Like Hayden, John Brennan did incredible damage to our civil liberties during his tenure as Barack Obama’s deputy national security advisor for counterterrorism and as CIA director. It is impossible to calculate the number of people John Brennan killed during his time in government, none of whom had the Constitutional benefit of having been charged with a crime, of having evidence presented against them, or of facing their accusers in a court of law. Brennan, the keeper of the infamous “kill list,” decided who would live and who would die. It was as simple as that. Brennan had no respect for the law and no tolerance for any journalist or citizen who challenged him on it.
Brennan also had no respect for the Congressional oversight committees. He famously ordered his spies to hack into the computer system of the Senate Select Committee on Intelligence, lied about it, and then when caught, filed a “crimes report” with the Justice Department asking that the Intelligence Committee investigators be arrested. If that isn’t anti-Constitutional authoritarianism, I don’t know what is.
An even more important thing that we should remember about Brennan is that he was not a johnny-come-lately to intelligence. He didn’t just appear in the Obama campaign as a fresh-faced CIA Democrat. He had been the Number 3 at the CIA during the George W. Bush administration. He was up to his neck in the torture program, his denials notwithstanding. He was no liberal.
God help us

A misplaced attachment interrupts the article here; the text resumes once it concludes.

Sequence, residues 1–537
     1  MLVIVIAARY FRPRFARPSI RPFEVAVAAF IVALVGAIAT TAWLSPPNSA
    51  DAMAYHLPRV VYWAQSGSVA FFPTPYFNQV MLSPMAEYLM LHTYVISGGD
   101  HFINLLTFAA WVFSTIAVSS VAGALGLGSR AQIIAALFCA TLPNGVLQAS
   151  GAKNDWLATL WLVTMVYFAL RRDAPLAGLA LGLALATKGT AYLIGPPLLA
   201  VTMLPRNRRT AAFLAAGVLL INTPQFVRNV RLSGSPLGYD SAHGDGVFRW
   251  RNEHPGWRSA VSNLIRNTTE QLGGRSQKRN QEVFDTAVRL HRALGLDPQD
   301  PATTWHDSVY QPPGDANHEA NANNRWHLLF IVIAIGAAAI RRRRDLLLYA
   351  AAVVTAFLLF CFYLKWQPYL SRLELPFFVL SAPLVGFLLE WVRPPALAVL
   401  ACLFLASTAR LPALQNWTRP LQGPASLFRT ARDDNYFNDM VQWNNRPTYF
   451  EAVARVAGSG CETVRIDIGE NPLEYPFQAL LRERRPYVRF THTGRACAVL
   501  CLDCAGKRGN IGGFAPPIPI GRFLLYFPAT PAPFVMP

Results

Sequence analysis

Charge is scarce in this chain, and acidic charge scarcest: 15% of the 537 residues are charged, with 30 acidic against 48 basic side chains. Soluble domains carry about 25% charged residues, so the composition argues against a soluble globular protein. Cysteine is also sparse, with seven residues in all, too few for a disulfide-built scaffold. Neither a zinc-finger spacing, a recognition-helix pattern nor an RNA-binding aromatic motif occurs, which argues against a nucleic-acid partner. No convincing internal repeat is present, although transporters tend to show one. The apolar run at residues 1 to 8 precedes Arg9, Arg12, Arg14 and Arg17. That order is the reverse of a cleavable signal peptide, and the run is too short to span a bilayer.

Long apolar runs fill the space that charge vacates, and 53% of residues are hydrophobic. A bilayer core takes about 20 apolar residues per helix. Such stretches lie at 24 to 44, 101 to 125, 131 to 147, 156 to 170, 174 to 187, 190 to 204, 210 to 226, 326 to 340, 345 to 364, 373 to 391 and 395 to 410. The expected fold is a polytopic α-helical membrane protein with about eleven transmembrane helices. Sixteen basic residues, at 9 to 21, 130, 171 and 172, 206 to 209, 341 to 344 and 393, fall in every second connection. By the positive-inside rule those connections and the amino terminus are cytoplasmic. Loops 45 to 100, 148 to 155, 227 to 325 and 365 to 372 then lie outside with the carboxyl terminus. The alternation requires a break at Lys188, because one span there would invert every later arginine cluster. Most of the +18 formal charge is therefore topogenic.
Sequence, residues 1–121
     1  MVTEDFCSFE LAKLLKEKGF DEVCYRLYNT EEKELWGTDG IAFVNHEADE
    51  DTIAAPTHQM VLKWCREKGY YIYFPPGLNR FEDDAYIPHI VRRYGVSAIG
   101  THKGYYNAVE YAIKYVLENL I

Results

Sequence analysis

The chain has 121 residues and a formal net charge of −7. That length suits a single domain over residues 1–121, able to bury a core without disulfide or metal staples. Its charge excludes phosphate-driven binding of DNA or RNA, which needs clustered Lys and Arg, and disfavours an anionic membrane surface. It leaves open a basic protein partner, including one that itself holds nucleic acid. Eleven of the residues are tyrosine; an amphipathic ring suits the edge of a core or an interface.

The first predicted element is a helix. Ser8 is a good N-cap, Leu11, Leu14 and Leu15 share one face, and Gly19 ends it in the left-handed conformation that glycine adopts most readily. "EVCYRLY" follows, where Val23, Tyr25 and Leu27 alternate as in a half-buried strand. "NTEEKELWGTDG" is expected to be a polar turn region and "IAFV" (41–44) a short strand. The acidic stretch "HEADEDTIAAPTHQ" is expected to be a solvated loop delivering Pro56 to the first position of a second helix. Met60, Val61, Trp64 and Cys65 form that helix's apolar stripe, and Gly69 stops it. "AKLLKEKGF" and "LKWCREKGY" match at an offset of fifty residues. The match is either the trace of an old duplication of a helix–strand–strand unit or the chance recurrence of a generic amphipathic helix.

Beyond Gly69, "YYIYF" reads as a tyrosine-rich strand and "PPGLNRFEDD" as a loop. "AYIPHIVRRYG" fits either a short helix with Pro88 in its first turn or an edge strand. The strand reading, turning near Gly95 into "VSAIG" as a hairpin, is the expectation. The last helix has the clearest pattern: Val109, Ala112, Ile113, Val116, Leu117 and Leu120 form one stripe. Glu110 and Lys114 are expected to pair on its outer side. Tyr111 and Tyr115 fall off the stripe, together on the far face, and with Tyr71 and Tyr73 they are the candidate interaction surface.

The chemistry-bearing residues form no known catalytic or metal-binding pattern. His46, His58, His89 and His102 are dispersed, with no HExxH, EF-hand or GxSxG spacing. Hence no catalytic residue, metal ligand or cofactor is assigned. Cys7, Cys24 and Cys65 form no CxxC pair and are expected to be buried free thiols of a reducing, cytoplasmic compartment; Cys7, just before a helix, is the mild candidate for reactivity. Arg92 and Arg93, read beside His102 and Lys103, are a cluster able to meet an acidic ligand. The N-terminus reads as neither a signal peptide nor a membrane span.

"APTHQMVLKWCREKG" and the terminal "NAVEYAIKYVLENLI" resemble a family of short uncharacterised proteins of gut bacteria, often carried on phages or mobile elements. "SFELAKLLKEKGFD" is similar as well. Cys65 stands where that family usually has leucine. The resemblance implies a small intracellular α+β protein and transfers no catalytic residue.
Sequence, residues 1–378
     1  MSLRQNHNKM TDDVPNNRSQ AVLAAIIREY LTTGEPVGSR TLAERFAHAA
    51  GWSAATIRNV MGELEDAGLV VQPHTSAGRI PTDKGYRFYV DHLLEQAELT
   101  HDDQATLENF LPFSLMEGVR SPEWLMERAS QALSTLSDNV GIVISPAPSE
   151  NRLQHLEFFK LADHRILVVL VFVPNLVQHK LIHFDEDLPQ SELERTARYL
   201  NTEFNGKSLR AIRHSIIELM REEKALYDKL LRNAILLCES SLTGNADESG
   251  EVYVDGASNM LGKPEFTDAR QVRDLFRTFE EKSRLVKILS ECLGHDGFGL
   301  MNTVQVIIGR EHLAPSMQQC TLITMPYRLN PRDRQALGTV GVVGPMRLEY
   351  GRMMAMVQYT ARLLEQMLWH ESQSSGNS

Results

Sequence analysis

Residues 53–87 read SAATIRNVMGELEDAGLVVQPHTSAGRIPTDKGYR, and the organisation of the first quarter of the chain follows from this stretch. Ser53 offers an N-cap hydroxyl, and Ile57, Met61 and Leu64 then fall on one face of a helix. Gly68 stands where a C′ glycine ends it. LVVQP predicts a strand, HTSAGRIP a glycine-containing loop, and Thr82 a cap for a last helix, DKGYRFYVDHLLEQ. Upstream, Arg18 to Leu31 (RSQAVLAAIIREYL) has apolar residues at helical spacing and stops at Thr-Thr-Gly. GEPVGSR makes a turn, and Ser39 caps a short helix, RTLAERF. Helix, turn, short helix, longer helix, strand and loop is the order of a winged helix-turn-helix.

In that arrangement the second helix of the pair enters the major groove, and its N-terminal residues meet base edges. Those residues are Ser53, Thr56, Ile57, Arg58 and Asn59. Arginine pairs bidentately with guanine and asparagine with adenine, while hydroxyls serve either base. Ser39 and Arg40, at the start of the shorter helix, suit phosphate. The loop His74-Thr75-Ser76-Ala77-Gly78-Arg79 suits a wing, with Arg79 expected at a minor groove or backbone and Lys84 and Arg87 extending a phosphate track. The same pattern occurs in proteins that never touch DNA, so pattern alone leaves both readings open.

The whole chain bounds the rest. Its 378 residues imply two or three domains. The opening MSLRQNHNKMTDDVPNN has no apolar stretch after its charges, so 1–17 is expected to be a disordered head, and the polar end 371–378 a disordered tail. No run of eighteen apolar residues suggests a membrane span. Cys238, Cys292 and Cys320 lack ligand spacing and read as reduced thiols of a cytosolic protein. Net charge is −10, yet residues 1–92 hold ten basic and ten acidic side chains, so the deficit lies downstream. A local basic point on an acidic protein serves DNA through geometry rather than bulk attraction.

Brennan is now a fellow at Fordham University, his alma mater, where he is free to propagandize the young people of our country. He’s also a frequent talking head at the Council on Foreign Relations and other groups where the swells meet to think the big thoughts. The rumor in Washington is that he’s on every Democrat’s short list for Secretary of State or Secretary of Defense post-Trump. God help us.
James Clapper is perhaps most famous, or infamous, for looking Senator Ron Wyden in the eye in an open hearing of the Senate Intelligence Committee and telling him point blank that the NSA was not, repeat not, spying on American citizens. Lying to Congress is a crime. Spying on Americans is a crime. But Clapper paid no price for his insolence.
When Clapper finally submitted his resignation in 2016, Wyden said, “During Director Clapper’s tenure, senior intelligence officials engaged in a deception spree regarding mass surveillance. Top officials, officials who reported to Director Clapper, repeatedly misled the American people and even lied to them.” That’s Clapper’s legacy. He’s a liar.
That brings us back to the issue of statesmanship. It is possible, and in this case obvious, that you can have a situation where there is no good guy. It’s time for the Democrats to clean up their act. They’re going to be the party of freedom, civil liberties, and human rights or they aren’t. They need to choose. They can still end up on the right side of history. But that’s only if they shun monsters like Mike Hayden, John Brennan, and Jim Clapper and others like them, and if they start paying a little more attention to the Constitution.
John Kiriakou is a former CIA counterterrorism officer and a former senior investigator with the Senate Foreign Relations Committee. John became the sixth whistleblower indicted by the Obama administration under the Espionage Act – a law designed to punish spies. He served 23 months in prison as a result of his attempts to oppose the Bush administration’s torture program.
Reader Supported News is the Publication of Origin for this work. Permission to republish is freely granted with credit and a link back to Reader Supported News.